Can Pet Visits Help Kids With Cancer?

University of Washington
Open Access
DOI: 10.18258/0779
Funded on 8/31/13
Successfully Funded
  • $5,685
  • 142%
  • Funded
    on 8/31/13

About This Project

We are in the home stretch!

Please consider donating in these final hours so that we'll be able to talk with more young cancer patients, their families, and their care providers to find out how to make pet visits possible for them. If we get enough donations, we’ll include another hospital in our pilot project.

Cancer is hard on kids and their families. Can visits from therapy animals make the time they spend in the hospital easier? What does it take to make these pet therapy visits safe and effective? Please donate to our project and help us find out.

Ask the Scientists

Join The Discussion 〉

What is the context of this research?

We want to make life better for children with cancer and their families. Hospital stays—or even just outpatient visits for chemotherapy or check-ups—can add stress to an already difficult time. Studies show that visits from therapy dogs, cats, and other animals reduce stress for patients in general. But we know little about the effects of animal-assisted activities for young people with cancer. Do visits from animals reduce stress in kids and teens with cancer? Are they safe? We are planning a rigorous study to find out. In the first phase, we will bring together doctors, nurses, patients, and their families to identify animal-assisted activities that are acceptable and feasible for pediatric oncology. Then, we will develop and test a pilot program and use the results to design a larger study. Our findings could help give more children with cancer safe access to visits from pets.

What is the significance of this project?

After a pet visits their hospitalized child, parents often say, “This is the first time I’ve seen him smile in weeks.” People who care for pediatric cancer patients say this is common. Simply put, we think therapy pets might make the experience of cancer treatment easier for kids and their families.

What are the goals of the project?

We will talk with young patients, their families, and healthcare providers about how visits from pets could help children and teens with cancer. We will also explore how to measure the effects of these visits. Based on what we discover from interviews, focus groups, and surveys, we will design and pilot test a program for pediatric cancer patients. Our team at Group Health Research Institute, Seattle Children’s Hospital, and Oregon Health & Science University received a National Cancer Institute grant that covers part of this project. However, we need additional support for out-of-town travel to hospitals and clinics, equipment for data collection, and funds for participants to attend our meetings. Your support will help us achieve our goals and follow new leads during our pilot work.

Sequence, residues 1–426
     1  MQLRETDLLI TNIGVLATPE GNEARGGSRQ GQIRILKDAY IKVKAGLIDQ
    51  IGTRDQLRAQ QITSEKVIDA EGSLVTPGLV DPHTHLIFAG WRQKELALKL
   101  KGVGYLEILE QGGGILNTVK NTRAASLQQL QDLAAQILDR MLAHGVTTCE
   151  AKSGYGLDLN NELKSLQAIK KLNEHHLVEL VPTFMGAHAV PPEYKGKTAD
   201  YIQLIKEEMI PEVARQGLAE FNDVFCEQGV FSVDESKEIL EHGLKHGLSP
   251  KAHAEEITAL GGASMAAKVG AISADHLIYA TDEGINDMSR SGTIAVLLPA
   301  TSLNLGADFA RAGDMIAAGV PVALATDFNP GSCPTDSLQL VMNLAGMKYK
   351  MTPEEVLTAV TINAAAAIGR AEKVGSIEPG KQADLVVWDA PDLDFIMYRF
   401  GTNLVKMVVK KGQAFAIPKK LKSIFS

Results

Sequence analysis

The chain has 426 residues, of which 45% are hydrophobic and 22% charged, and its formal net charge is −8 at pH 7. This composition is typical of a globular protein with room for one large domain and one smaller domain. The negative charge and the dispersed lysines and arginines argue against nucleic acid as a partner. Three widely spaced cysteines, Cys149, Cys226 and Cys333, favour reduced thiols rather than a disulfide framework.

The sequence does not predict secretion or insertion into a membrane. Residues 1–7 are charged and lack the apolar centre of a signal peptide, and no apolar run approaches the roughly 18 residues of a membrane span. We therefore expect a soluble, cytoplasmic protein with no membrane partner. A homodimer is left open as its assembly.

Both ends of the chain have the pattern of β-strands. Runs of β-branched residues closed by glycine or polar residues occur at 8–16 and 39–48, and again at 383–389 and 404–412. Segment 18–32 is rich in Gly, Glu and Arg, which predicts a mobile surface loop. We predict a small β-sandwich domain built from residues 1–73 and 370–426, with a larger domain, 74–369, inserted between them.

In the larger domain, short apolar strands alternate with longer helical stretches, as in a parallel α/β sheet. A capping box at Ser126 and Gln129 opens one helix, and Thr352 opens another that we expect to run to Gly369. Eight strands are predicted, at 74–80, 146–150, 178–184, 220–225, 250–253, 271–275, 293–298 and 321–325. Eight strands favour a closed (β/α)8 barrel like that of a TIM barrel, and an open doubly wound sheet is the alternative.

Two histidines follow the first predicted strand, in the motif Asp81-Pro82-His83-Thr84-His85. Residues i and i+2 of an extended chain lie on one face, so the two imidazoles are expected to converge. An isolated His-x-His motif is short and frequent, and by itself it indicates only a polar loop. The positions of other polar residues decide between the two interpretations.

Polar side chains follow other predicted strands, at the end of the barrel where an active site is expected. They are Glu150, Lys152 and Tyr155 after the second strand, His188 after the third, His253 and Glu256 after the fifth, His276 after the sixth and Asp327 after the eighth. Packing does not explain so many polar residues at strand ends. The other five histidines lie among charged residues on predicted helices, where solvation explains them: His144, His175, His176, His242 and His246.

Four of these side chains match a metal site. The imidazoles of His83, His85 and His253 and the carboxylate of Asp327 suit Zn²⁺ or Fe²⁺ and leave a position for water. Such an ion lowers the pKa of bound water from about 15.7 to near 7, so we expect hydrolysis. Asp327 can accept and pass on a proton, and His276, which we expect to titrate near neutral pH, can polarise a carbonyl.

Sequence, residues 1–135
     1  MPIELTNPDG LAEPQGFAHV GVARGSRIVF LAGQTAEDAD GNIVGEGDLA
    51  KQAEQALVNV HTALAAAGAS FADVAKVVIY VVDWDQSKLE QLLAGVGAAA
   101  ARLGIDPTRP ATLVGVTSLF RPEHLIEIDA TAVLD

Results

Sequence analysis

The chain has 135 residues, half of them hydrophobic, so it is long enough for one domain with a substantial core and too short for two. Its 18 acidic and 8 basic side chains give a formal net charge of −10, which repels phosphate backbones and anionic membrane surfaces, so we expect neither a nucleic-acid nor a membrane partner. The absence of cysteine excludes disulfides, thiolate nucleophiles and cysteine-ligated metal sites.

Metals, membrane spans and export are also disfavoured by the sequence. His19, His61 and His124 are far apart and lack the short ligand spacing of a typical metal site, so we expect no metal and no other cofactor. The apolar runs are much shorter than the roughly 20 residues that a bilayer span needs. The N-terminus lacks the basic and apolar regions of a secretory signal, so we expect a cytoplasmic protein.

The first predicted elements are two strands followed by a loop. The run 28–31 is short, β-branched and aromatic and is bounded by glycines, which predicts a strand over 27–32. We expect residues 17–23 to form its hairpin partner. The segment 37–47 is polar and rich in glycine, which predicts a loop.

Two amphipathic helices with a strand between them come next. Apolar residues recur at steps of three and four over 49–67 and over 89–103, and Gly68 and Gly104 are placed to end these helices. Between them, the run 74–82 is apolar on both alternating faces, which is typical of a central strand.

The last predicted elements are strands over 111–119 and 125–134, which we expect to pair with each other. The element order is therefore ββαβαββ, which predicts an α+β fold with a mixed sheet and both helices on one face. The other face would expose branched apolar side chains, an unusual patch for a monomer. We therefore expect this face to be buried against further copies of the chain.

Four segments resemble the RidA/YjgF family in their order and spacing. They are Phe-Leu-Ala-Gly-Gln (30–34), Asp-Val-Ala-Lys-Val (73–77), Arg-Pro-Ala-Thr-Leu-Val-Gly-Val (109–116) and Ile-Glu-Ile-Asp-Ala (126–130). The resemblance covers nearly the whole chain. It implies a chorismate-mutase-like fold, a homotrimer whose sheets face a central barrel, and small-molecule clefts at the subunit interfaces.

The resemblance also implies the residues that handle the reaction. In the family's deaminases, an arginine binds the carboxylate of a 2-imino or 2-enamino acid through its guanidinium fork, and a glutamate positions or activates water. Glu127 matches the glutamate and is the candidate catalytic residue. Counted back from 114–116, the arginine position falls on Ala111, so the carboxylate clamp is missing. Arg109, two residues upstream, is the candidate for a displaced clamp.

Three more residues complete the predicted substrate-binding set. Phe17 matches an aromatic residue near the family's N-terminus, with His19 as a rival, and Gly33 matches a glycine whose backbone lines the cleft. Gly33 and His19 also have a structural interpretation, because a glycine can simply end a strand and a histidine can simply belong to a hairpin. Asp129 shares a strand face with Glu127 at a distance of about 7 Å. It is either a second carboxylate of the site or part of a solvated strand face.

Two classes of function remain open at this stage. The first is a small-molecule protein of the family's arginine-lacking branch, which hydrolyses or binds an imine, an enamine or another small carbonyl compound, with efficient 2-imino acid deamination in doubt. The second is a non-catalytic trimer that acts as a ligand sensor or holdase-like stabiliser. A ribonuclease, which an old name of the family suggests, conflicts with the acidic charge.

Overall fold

• $2,000Two 2-day trips to Oregon for meetings and hospital site visits for 2 researchers
  • $1,000Two tablets for data collection
  • $1,000Thank you gifts (e.g., $20 gift cards) for 50 patient and provider participants

Visit out-of-area hospitals, conduct focus groups and interviews, and purchase tablets for data collection.

Meet the Team

Jessica Chubak
Jessica Chubak
Associate Investigator, Group Health Research Institute, Seattle, WA
Affiliate Assistant Professor, University of Washington School of Public Health, Seattle, WA


PhD, Epidemiology, University of Washington
MBHL, Bioethics and Health Law, University of Otago, New Zealand (Fulbright award)
BA, Molecular Biology, Pomona College


I am a faculty member at Group Health Research Institute, where my research focus is improving cancer screening, care, and survivorship. My new project is inspired, in part, by my volunteer work after college. I helped in the pediatric ward of a hospital. Working with children and families I saw how play distracted them from the stress of being in the hospital. As a lover of pets, I find animals to be incredible companions. After learning about the Pet Partners program and promising preliminary work in Canada, I decided to include animal-assisted activities for children with cancer in my research program.

Additional Information

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